Obama's Choice: FDR or Reagan
Barack Obama, it is said, will inherit the worst times since the Great Depression. Not to minimize the crisis we are in, but we need a little perspective here.
The Great Depression began with the Great Crash of 1929. By 1931, unemployment had reached 16 percent.
By 1933, 89 percent of stock value had been wiped out, the economy had shrunk by one-third, thousands of banks had closed, a third of the money supply had vanished, and unemployment had reached 25 percent — among heads of households. And in those days, there was no unemployment insurance, no Medicare, no Medicaid, no Social Security, no welfare.
FDR's answer: vast federal spending, tough new regulations on business and higher taxes — like Herbert Hoover before him, only more so.
The Depression lasted until war orders from the Allies brought U.S. industry back to life. Before 1940, not once did unemployment fall below 14 percent. In May 1939, Treasury Secretary Henry Morgenthau testified:
"We are spending more money than we have ever spent before, and it does not work. ... I want to see this country prosperous. I want to see people get a job. I want to see people get enough to eat. We have never made good on our promises. ... I say after eight years of this administration we have just as much unemployment as when we started ... and an enormous debt, to boot."
Politically, the New Deal was a smashing success, with FDR's landslides in 1932, 1934 and 1936 virtually wiping out the GOP.
Yet, economically, the New Deal was a bust, failing utterly to restore prosperity. Despite the indoctrination of generations of schoolchildren in New Deal propaganda, that is the hard truth.
Consider, now, how Ronald Reagan responded to the economic crisis of 1980, the worst since the Depression. In the "stagflation" of that Jimmy Carter era, interest rates had reached 21 percent and inflation 13 percent.
Reagan's answer was the tight money policy of Fed Chairman Paul Volcker and across-the-board tax cuts of 25 percent, while slashing the highest rates from 70 percent to 28 percent.
While unemployment hit 10 percent in 1982 and Reagan lost 26 House seats, in 1983 the tax cuts kicked in.
From there on out, it was boom times until Reagan rode off into the sunset, having created 20 million new jobs. "The Seven Fat Years," author Robert Bartley called them.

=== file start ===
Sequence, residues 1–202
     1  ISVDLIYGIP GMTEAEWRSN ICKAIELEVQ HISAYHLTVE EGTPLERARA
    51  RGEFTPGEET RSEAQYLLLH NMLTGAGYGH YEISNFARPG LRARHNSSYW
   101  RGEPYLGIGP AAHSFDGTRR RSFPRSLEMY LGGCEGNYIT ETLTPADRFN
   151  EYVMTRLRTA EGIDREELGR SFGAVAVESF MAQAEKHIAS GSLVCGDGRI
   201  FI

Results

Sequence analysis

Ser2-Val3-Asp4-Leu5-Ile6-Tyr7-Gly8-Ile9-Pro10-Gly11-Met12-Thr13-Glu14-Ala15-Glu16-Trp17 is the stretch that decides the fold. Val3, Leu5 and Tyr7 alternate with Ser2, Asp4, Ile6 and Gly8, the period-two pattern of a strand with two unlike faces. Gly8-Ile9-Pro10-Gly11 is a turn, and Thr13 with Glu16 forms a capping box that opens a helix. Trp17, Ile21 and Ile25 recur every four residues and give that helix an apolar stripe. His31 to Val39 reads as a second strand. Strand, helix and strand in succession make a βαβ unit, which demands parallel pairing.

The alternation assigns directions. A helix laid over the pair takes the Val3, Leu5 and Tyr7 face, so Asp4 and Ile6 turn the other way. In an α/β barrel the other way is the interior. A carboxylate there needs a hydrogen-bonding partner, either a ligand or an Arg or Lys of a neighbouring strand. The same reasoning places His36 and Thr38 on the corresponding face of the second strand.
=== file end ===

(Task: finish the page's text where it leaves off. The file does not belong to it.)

Reagan had followed the lead of Warren Harding and Cal Coolidge, who had cut Woodrow Wilson's wartime tax rates of near 70 percent to 25 percent, resulting in "The Roaring '20s," a time of unrivaled prosperity.
The JFK tax cuts of the 1960s, also a Reagan model, were equally successful.
Harding, Coolidge, JFK and Reagan all bet on the private sector as the engine of prosperity.
Comes now the financial collapse and economic crisis of 2008, inherited by Obama, with 40 percent of all stock values wiped out in a year, foreclosures pandemic, and unemployment near 7 percent and surging.
In crafting his solutions, Obama seems to be brushing aside the Reagan, JFK and Harding-Coolidge models, and channeling FDR and the New Deal Democrats.
Already staring at a $1.2 trillion dollar deficit for the year ending Sept. 30, about 8 percent of the entire U.S. economy, Obama intends to add a stimulus package of $700 billion to $1 trillion, yet another 5 percent to 7 percent of gross domestic product. The resulting deficit would be twice as large as Reagan's largest, 6 percent of GDP, which was the largest since World War II.
And how is this Niagara of money to be spent?
Hundreds of billions will go out in checks of $500 to $1,000 to wage-earners and individuals who do not even pay taxes. This is much like the George McGovern "demogrant" program of 1972, where every man, woman and child, if memory serves, was to get a $1,000 check from the U.S. government.
Other hundreds of billions will go to shore up state and municipal spending. Other hundreds of billions will go for "infrastructure" projects, another name for earmarks, which is a synonym for pork.
Now, as Obama does not intend to raise taxes, at least now, he is going to have to borrow this near $2 trillion from foreigners or U.S. taxpayers, or the Fed will have to create the money. Undeniably, this will have an impact upon the economy. But what will that impact be?
Where in history, other than World War II, is there evidence that such a mass infusion of spending restored prosperity?
Obama and the Democrats are taking a historic gamble, not only with their careers but with the country. If this monstrous stimulus package, plus the trillions in hot money, do not work; if the two ignite rampant inflation, rather than real growth, we are all out of options. The toolbox is empty.
And what will follow may truly resemble the 1930s.
Patrick Buchanan is the author of the new book "Churchill, Hitler and 'The Unnecessary War." To find out more about Patrick Buchanan, and read features by other Creators Syndicate writers and cartoonists, visit the Creators Syndicate web page at www.creators.com.
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